We’re coming down to the end of 2016, and even though we’ve been starting to look forward to the movies of 2017 since as early as this past summer, it’s about time we started to look back at the good stuff this year had to offer. We’ll each be bringing you our personal Top 10 Films of 2016 leading up to a cumulative Top 15 (just like last year), but before that, we’ve got something else to kick off our look back at 2016.
Leading up to every movie, even before a trailer arrives, there’s a movie poster. So it’s time to check out a countdown of the 25 Best Movie Posters of 2016. Which of this year’s one sheets made the cut? Find out after the jump. Read More »
Director Ti West tries his hand at a new genre with
In a Valley of the Violence. The director of The House of the Devil, The Innkeepers, and The Sacrament has made a Western with attitude and plenty of personality. The revenge tale stars Ethan Hawke as Paul, a dangerous and tortured loner seeking revenge. He’ll stop at nothing to get his hands on his dog’s killers, Gilly (James Ransone) and his gang.
Paul’s motivation couldn’t be cleaner or more to the point. In a Valley of Violence is a blast of simplicity. This isn’t a movie that wastes any time, as West’s story builds towards a bloody, darkly funny finale that puts John Travolta to great use as a hilariously sympathetic antagonist. West, who typically makes audiences squirm, has crafted his most crowd-pleasing film to date.
The writer-director recently spoke with us about Jeff Grace‘s score, Ethan Hawke and John Travolta’s performances, Neal Jonas‘ striking opening credits, and his love for opening title sequences. Below, read our Ti West interview.
Read More »
Ti West is changing things up with In a Valley of Violence. The writer/director behind The House of the Devil and The Innkeepers has made a western. The film, which we first heard about over two years ago, doesn’t blend horror and western tropes together; it’s just a pure, revenge-driven western. The film stars Ethan Hawke, James Ransone, Taissa Farmiga, John Travolta, and Karen Gillan.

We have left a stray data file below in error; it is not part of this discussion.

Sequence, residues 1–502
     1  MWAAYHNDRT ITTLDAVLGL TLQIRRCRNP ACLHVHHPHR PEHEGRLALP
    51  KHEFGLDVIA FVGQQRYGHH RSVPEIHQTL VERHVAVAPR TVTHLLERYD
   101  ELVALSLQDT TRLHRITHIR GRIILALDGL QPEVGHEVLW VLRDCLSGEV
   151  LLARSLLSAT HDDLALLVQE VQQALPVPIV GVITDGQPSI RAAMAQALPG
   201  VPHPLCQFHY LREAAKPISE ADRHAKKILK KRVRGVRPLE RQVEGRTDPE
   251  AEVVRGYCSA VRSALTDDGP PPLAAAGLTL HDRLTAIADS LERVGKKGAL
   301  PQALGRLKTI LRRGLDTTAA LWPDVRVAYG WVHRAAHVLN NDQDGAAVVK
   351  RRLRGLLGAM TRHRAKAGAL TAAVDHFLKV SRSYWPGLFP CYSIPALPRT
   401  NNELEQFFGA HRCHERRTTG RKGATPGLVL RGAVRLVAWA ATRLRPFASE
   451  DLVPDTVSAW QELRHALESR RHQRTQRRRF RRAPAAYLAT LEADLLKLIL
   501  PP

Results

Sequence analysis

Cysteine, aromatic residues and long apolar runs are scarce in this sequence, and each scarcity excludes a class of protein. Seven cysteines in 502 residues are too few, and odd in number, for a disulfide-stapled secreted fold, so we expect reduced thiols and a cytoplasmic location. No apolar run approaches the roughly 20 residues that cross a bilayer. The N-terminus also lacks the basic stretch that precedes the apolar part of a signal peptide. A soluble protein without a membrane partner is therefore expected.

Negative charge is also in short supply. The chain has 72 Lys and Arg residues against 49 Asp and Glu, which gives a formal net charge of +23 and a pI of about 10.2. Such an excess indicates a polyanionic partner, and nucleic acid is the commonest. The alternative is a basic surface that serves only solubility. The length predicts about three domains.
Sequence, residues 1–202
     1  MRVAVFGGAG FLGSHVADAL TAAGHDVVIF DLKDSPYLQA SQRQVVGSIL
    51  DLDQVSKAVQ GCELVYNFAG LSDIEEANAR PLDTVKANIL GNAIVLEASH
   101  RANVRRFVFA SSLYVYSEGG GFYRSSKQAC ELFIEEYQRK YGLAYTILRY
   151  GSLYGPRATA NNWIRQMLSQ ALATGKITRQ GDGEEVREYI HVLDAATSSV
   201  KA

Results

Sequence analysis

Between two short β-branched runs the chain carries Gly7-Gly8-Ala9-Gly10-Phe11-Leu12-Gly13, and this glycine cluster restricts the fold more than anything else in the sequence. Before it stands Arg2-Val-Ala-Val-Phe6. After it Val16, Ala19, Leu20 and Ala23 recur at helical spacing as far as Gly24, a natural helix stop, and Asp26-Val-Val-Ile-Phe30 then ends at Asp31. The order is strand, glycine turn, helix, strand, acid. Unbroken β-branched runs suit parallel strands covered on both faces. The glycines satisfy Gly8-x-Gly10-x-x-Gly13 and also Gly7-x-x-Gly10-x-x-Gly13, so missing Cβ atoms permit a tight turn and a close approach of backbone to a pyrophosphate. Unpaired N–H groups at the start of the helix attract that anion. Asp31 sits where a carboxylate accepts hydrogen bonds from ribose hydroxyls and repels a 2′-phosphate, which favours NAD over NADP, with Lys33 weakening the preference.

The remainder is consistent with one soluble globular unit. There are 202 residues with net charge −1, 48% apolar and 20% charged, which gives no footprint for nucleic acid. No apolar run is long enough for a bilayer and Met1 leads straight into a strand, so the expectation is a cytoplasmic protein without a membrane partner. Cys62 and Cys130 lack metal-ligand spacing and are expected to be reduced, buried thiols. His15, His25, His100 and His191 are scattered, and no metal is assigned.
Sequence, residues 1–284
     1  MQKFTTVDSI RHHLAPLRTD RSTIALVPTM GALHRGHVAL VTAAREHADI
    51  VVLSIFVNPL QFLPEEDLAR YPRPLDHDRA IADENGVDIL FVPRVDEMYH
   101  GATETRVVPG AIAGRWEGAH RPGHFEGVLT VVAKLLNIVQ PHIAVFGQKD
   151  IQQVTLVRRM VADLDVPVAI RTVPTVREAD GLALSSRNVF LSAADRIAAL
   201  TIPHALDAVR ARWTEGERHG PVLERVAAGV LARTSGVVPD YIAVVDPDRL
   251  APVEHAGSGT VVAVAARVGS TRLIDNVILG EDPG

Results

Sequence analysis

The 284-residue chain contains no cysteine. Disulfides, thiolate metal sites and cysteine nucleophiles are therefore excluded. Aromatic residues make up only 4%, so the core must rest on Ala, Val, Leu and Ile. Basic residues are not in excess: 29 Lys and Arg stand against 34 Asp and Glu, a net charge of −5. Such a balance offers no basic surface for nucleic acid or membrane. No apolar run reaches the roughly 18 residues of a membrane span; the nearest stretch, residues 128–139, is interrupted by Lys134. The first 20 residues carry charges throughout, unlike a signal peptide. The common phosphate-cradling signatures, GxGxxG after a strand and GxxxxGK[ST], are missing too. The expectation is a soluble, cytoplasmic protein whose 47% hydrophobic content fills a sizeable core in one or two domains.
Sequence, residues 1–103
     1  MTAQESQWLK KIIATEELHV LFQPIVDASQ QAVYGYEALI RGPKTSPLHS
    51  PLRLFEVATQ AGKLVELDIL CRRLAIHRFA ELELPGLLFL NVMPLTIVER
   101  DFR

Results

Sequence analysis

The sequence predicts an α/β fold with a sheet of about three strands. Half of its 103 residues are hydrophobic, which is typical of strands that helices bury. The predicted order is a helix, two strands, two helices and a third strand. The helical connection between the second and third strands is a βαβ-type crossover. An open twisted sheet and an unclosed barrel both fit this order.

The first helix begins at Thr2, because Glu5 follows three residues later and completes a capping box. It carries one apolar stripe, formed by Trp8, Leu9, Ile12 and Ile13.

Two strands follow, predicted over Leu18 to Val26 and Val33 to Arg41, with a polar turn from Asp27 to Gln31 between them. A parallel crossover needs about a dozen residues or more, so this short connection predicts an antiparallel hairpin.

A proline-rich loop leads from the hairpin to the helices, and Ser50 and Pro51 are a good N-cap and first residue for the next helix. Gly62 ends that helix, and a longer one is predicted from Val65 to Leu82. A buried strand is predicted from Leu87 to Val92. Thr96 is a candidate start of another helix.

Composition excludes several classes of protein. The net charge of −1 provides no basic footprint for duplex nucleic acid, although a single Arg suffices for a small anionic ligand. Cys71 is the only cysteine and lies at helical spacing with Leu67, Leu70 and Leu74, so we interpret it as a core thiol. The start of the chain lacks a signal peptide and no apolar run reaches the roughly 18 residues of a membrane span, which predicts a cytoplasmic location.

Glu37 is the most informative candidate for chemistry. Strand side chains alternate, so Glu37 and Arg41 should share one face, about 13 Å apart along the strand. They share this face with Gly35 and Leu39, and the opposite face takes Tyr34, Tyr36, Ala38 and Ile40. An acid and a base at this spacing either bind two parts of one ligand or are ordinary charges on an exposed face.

Below, watch the In a Valley of Violence trailer.
Read More »
The 2016 SXSW Film Festival is over, so you know what that means: it’s time to sift through the wreckage and hand out imaginary awards created by a jury composed entirely of a single writer. Welcome /Film’s SXSW Awards, where the categories only exist as an excuse to talk about the best movies that I saw at this year’s fest.
This was a strong year for a typically strong festival – as usual, everyone involved outdid themselves. For a complete look at everything I saw, you can head over here. But now it’s time to take the stage and start handing out fake trophies to a bunch of movies that deserve actual accolades.
Read More »
Cool Posts From Around the Web:
Few film festivals offer the breadth and variety of SXSW and this year was no exception. During my eight days there, I saw gentle comedies, brutal horror movies, fascinating dramas produced on shoestring budgets, inventive documentaries and even an R-rated animated film about talking food. It was one helluva week.
Here is everything that I watched, including the (often very good!) movies that didn’t get full reviews.
Read More »
Posted on Thursday, March 17th, 2016 by Jacob Hall
The first thing you notice about In a Valley of Violence is that it doesn’t feel like a typical Ti West film. His trademark slow-burn menace is nowhere to be found and his low-key comedy, which he used to punctuate tension in films like The House of the Devil and The Innkeepers, has undergone a transformation. This is the first West film that isn’t the cinematic equivalent of being placed in a pot of water and not realizing that the water is boiling until it’s too late – it’s broader, more straightforward, and, on paper, a fairly typical revenge western.
Until’s it’s not. In a Valley of Violence is one weird movie, an experience that grabs your attention with its eccentricities before losing you with its lack of focus. It’s not a deadeye pistol shot from a gunslinger, but a wild shot from a scattergun. Yeah, it still hits its target, but you wish the aim was a little more true.
Read More »
Posted on Wednesday, March 9th, 2016 by Jacob Hall
Year after year, SXSW proves itself to be one of the best film festivals in the world, offering an astonishing variety of programming that appeals to every taste. Emotional arthouse dramas? Yep. An always stellar documentary line-up? You betcha. An insane midnight program that offers a look at bonkers movies from all over the world? Of course. Gigantic premieres and previews for upcoming studio releases and high anticipated TV shows? Take a guess.
So when we decided to limit our 2016 SXSW preview to only ten titles, we knew we were leaving dozens of fascinating movies on the cutting room floor. But that’s the joy of any film festival – you go in with certain expectations, only to stumble over a whole slate of great films you never saw coming. /Film will be in attendance at SXSW, bringing you news and reviews straight from the fest, but here are the screenings we’re looking forward to seeing the most.
Read More »
Ti West (The Innkeepers, House of the Devil) is moving into new territory with his excellently-titled new western, In a Valley of Violence. The writer/director has been known for horror in the past, but he’s following his cult movie The Sacrament with this project, which exists thanks to backing from producer Jason Blum and his company Blumhouse. Read More »